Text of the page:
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Without Kennedy Meeks, North Carolina Will Not Upset Wisconsin In Sweet 16
At full strength, No. 4 seed North Carolina, the ACC Tournament runner-up, is good enough to beat top-seeded Wisconsin in their Sweet 16 West Region game in Los Angeles on Thursday night. In fact, I would argue that the Tar Heels would win the game because they simply have much better athletes (and certainly more McDonald's All-Americans).
However, it doesn't appear that North Carolina will be at full strength and thus the Badgers are 6-point favorites at Bovada, with the winner taking on most likely Arizona on Saturday for a trip to the Final Four. The No. 2 Wildcats are double-digit favorites in the late game against No. 6 Xavier.
Big Loss If Meeks Out
The injury of note is to Tar Heels big man Kennedy Meeks. He suffered a sprained left knee Saturday night when Arkansas defender Anthlon Bell took a charge and fell into the big man's left knee. Meeks did not practice with the Tar Heels on Monday, but the 6-foot-9 sophomore did travel with the team to Los Angeles. Coach Roy Williams early this week called Meeks doubtful. Meeks did participate in non-contract drills on Tuesday.
Before leaving Chapel Hill, North Carolina, on Monday, Williams said that if Meeks didn't practice on Wednesday, "it would be hard to play" against the No. 1 seed Badgers. By far North Carolina's most efficient back-to-the-basket scorer, Meeks shoots 56.6 percent from the field and averages 11.6 points per game. He is also North Carolina's leading shot blocker and second-leading rebounder this season.
If Meeks can't play, reserve big man Joel James would be the most likely option to start in his place alongside Brice Johnson in the frontcourt. North Carolina also could go small and insert guard Nate Britt into the lineup instead of James. It's doubtful UNC goes small against a frontcourt that is one of the best in the nation, led by National Player of the Year candidate Frank Kaminsky. If Meeks does play, that line probably drops a couple of points.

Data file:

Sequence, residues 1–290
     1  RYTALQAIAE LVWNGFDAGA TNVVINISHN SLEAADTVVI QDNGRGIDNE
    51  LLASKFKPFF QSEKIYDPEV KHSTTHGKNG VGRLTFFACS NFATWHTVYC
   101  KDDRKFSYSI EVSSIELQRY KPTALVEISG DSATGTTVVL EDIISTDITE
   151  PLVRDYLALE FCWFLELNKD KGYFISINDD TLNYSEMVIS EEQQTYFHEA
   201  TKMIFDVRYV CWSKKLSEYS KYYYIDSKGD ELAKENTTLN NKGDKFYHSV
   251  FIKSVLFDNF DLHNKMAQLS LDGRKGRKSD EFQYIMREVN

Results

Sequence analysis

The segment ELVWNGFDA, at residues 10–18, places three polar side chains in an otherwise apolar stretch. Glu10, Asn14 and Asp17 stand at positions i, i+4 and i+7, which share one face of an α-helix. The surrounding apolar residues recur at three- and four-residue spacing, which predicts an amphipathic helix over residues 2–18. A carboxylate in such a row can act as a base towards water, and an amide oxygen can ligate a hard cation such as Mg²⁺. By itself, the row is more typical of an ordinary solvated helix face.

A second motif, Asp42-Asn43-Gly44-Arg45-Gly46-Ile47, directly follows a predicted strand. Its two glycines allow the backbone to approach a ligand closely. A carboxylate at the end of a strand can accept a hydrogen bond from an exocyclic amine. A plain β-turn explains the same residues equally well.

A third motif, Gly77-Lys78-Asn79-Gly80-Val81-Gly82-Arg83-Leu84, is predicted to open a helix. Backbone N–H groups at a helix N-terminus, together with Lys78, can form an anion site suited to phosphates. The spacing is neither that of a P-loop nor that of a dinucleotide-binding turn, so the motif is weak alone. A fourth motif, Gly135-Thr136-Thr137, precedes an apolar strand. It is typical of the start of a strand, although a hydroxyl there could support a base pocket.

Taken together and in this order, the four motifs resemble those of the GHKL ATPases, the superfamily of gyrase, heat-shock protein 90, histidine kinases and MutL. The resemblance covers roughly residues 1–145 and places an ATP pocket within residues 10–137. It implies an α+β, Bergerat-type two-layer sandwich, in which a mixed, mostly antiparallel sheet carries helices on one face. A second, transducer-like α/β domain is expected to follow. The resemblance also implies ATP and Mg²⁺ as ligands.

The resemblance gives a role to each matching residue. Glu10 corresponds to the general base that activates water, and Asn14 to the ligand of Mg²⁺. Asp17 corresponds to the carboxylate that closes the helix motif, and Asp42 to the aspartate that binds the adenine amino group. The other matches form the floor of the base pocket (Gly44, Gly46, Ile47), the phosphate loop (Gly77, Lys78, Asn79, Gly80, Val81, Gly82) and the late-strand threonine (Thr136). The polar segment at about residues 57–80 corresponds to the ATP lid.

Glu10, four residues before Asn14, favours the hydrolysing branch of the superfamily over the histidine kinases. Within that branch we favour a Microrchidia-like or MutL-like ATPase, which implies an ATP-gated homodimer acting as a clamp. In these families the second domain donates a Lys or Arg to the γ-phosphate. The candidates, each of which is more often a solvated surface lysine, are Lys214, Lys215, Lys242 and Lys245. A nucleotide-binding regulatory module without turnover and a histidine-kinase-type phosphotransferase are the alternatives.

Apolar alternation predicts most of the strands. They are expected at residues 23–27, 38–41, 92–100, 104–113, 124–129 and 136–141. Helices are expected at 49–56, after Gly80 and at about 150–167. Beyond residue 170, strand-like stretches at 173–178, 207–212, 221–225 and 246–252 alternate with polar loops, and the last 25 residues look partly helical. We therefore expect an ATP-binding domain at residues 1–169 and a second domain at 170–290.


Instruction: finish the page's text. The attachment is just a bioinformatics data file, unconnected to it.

The Tar Heels are battle-tested after playing one of the toughest schedules in the country. Entering the NCAA Tournament, North Carolina had played 19 games against teams in the field, going 9-10. In addition, the ACC has been stellar in this tournament with just one loss.
Meanwhile, former Wisconsin starting point guard Traevon Jackson, who has not played since breaking his right foot against Rutgers on Jan. 11, could make his first appearance with the Badgers in 20 games. ackson was medically cleared to participate last week but did not play in Wisconsin's first two NCAA tournament games, saying his status was "90 percent mental." Jackson averaged 9.4 points and 2.9 assists while starting the first 17 games.
Wisconsin escaped Oregon, 72-65, in the Round of 32 but struggled at times to find an offensive rhythm with point guard Bronson Koenig sidelined because of foul trouble and no true point guard to come off the bench. Koenig nearly went to North Carolina out of high school. Koenig and UW junior forward Sam Dekker played with UNC's J.P. Tokoto on the same AAU team, the Wisconsin Playground Warriors.
The total in this game is 144, and that's interesting because the teams play such contrasting styles. The Heels want to get out and run, while Wisconsin plays a rather plodding, deliberate style.
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